Shortly after Halloween, years ago, a friend of mine came over with two homegrown bottles of red wine – we’d had such a wonderful evening that I wanted to chronicle the event with a hand made art piece. I relished the forest green smooth sheen on the glass of the bottle, I stared at it for a while when an idea popped in my head. I’m always obsessed with marking time in found objects – I thought of this beautiful hourglass that I had seen on a short stop over to Bolzano Italy, which was decades ago – if I am to be honest. And, quietly thought if I put them together the opening and used some hot glue that it would remain secure – what did I stuff it with you ask? Leftover Halloween candy corn.
The reason that I am sharing this story with you is because Georgia Lee Rose gets very creative with found items – more specifically compostable coffee cups. Writing poetry on items other than paper is very new to me – and, I have to admit poetry on a paper cup looks pretty damn cool. There’s also a fun little origin story Georgia shares… For more information on Georgia follow her Instagram page: @bygeorgialeerose .
RMMW: Have you ever been creatively blocked, if yes how did you overcome it?
GLR: I am ALWAYS creatively blocked, and don’t trust people who say they haven’t been. I write for a living, so have had to train myself to keep going even when I don’t want to. The true issue with being blocked is that you don’t believe in what you’re writing, nothing feels good enough, and you don’t feel like you’re on the right path. Write anyway. You can do so much more with 500 words of garbage than you can with a blank page.
RMMW: We all have an inner critic; how do you contend with yours?
GLR: I point an imaginary gun to my head and keep writing. Your inner critic is there to make you better. If you ignore it, you’ll never grow. So, listen.
RMMW: Do you have any artist rituals before starting a new piece?
GLR: No. When I was younger, I fully gave into the (toxic) suffering artist narrative. I thought I always had to be in pain, smoking a cigarette, drinking whisky, to produce some shred of creative brilliance. That’s bullshit. Let’s kill this concept, please!
What I do before writing now is the same as what I do before anything - I brush my teeth, moisturize my face, make a coffee, pop a probiotic, and begin.
RMMW: How many blank coffee cups do you have at home?
GLR: Only one. Over the past couple of years, I’ve been drifting away from writing on coffee cups.
Though I wholeheartedly believe in compostable packaging, I care too much about the planet, and am trying to cut down on my own personal waste. Until there’s a time where compost bins are as second nature as our rubbish bins, I don’t feel as comfortable as I used to promoting the “coffee cup poet” lifestyle.
I’ve seen people emulate what I do - but in countries and cities where compostable packaging isn’t as readily available as it is where I am. How can I feel comfortable with that? I used to go to cafe’s purely to get a coffee cup, write a poem, and post on social media. If you’re big on coffee, get a reusable cup. And if you’re a good writer, you don’t need to hide behind a gimmick.
RMMW: What do you enjoy most about writing on coffee cups?
GLR: Freedom and limitations. On coffee cups, I can’t edit myself or sensor my thoughts as readily as I can on paper or device.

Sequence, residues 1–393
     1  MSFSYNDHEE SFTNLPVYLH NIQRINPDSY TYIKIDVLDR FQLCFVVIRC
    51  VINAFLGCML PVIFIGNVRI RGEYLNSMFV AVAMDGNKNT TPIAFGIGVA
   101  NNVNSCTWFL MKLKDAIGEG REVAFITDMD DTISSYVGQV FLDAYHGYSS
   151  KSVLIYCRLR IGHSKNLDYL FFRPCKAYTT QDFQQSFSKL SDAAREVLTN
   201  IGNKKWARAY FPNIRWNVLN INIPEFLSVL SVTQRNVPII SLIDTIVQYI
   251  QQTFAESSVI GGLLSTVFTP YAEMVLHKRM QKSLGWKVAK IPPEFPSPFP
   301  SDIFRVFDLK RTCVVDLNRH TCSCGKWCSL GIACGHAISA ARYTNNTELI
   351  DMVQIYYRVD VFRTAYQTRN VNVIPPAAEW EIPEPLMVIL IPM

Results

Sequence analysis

RMMW: I know, many writers can't live without their coffee, what about you?
GLR: I can live without coffee, I just choose not to. Like any drug, if I were to go a week weening myself off it, I’m sure I’d be able to focus and function significantly better. But what’s the fun in life without a vice?
RMMW: What is the origin story of Coffee Cup Poetry?
GLR: During my BA, I worked in this beautiful little shop called Fairytales, that wasn’t busy all that often. I’ve always been one keen for romantic distraction, and became infatuated with this motorbike riding, tattooed barista* at the cafe along the corner. I think I used to pop in three or four times a day - under the guise of getting coffee - just to flirt with him. When I’d get back to my shop, I’d finish my coffee, and then write about our interactions on the cup (which were always AllPress). Not long after, I started posting pictures of the poems to Tumblr.
* In case you were wondering, the barista turned out to be a REAL dick. Twice.
RMMW: What do you enjoy most about poetry?
GLR: Connection. Poetry allows me to process my emotions in a safe, creative, and fun way. But it also allows me to connect with people who feel the same as me. Few things in life bring me more joy than when people tell me they’ve resonated with something I’ve written.
RMMW: What do you relish doing in the time you do not spend writing?
GLR: Being still. Daydreaming. Walking. Ingesting media of all kinds - film, literature, television, video games. I used to draw a lot of maps and cities and am recently getting back into that.
RMMW: At what age did you start writing?
GLR: Quite young. My mum taught my brother and I how to read and write well before we started kindergarten. We had these neat tapes we’d listen to and books to fill out, kind of like homework. I began writing stories and didn’t truly discover poetry until I was 15.
RMMW: Who are your favourite poets?
GLR: I have plenty. Rudy Fransisco, Yrsa Daley-Ward, Reyna Biddy, nayyirah waheed. There are so many powerful voices out there, waiting to be heard.
RMMW: What's you favourite type of coffee cup to write on?
GLR: Plain. Stamped logo. Compostable.
RMMW: If you had a super power what would it be?
GLR: Writing things down and having them come true.